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I'm an EEA national (French) living in the UK since 2008 and exercising treaty rights. On that basis my non-EEA wife has a "Resident card of a family member of an EEA national" (expires 2019). Question: when travelling to either another European country or outside Europe, could we face any issue at customs due to Brexit? If so, what can we do about it beforehand?

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Brexit and EEA Dependants: what to do

The "canonical" recommended steps to take beforehand are...

  1. Those EEA citizens or their family members in the UK who does not have an EU/EEA permanent residence card for the UK should consider now whether to apply (or timetable for when they can apply) and should do so unless there is clear harm in doing so.
  2. If they are able to do so, they should prepare and provide evidence to show that that the qualifying 5 years ended at least one year ago. This will enable a naturalisation application to be submitted immediately following receipt of the permanent residence card.
  3. Each such person who already has a permanent residence card for the UK should consider whether to apply to be naturalized as British (see note below on Scotland). NOTE: this may have disadvantages and the trade-offs should be studied carefully (questions about the trade-offs are off-topic on this site).
  4. Those who are not yet eligible to apply for a permanent residence card may wish to apply for a registration certificate, confirming that they are exercising an extended right of residence, and also ensure that they continue to retain sufficient evidence of exercising treaty rights from now on until they are eligible (further questions about this are off-topic on this site).

Notes:

  • You will not have problems at the border at least until the end of 2017.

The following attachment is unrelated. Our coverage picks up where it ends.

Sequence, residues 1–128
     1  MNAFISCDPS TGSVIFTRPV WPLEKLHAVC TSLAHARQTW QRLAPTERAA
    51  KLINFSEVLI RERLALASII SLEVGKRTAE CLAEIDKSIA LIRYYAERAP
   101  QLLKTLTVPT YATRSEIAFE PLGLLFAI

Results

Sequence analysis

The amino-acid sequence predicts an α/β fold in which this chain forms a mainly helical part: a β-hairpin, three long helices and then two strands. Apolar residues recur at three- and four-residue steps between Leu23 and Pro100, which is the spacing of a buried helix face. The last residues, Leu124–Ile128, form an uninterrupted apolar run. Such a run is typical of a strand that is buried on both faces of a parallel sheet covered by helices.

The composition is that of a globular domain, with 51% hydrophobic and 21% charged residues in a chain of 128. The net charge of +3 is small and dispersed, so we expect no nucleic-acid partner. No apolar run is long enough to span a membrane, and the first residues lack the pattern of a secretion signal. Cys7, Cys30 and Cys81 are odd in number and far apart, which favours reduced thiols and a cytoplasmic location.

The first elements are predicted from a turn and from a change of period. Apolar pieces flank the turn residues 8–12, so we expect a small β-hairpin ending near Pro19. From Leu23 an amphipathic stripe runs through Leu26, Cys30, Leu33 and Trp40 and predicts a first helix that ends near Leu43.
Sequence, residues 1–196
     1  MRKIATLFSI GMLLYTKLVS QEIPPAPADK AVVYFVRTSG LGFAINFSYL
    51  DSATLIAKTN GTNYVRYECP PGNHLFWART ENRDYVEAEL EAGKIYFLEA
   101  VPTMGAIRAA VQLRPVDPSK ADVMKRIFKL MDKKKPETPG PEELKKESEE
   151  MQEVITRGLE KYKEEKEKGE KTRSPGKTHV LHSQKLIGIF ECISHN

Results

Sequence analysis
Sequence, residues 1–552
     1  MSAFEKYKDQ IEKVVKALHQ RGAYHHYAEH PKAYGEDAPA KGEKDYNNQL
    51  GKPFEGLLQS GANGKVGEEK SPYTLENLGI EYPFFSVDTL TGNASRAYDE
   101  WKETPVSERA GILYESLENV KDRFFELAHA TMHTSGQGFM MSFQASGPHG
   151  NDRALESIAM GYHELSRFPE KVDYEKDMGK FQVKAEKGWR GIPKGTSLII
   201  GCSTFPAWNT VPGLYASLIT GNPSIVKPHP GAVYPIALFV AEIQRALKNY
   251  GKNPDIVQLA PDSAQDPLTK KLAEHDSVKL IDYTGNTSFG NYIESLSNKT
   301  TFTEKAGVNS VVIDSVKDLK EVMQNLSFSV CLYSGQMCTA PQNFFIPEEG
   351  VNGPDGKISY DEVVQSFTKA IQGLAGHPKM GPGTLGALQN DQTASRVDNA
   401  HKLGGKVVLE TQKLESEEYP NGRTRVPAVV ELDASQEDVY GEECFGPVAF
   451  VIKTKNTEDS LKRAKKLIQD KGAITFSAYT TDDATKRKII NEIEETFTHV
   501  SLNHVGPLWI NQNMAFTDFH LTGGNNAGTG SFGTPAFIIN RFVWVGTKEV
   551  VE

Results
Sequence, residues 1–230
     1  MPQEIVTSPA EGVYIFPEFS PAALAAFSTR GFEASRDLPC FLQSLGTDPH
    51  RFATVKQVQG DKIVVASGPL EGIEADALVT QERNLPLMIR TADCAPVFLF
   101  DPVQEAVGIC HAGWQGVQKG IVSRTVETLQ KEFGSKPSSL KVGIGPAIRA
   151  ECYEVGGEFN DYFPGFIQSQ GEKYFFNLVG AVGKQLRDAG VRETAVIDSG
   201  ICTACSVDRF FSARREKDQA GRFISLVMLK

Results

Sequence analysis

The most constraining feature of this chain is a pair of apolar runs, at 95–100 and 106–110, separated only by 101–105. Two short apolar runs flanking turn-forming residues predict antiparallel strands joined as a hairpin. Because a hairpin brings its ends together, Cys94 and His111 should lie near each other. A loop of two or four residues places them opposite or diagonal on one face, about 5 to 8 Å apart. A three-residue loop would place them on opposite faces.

• They will be looking for unbroken periods of exercising treaty rights and they will need to see evidence.
  • Health insurance for dependants will be checked.
  • The UK has, several times, given more favourable immigration treatment based on people who made unrelated applications before a certain date – ie at a time when they did not know that their application would help them in the future.
  • Do not expect them to announce a grandfathering date in advance.

Sign Posting

  • On what basis might they have problems at the border beginning in 2018? Shouldn't their situation in the UK remain essentially as it is until the UK actually leaves the EU, and isn't that expected in 2019? – phoog Mar 25 '17 at 17:49
  • @phoog Parliament rises in December so I am not projecting anything at all beyond that. What you predict is true as far as formalities go however. – Gayot Fow Mar 25 '17 at 18:49
  • One major effect of naturalisation is what happens to your original nationality. I have been told by French and Dutch people that French can keep dual nationality, Dutch can't, and last answer from the German embassy in London is "we don't know" (since you can keep German nationality if you gain nationality of another EU country). – gnasher729 Jun 10 '18 at 20:55

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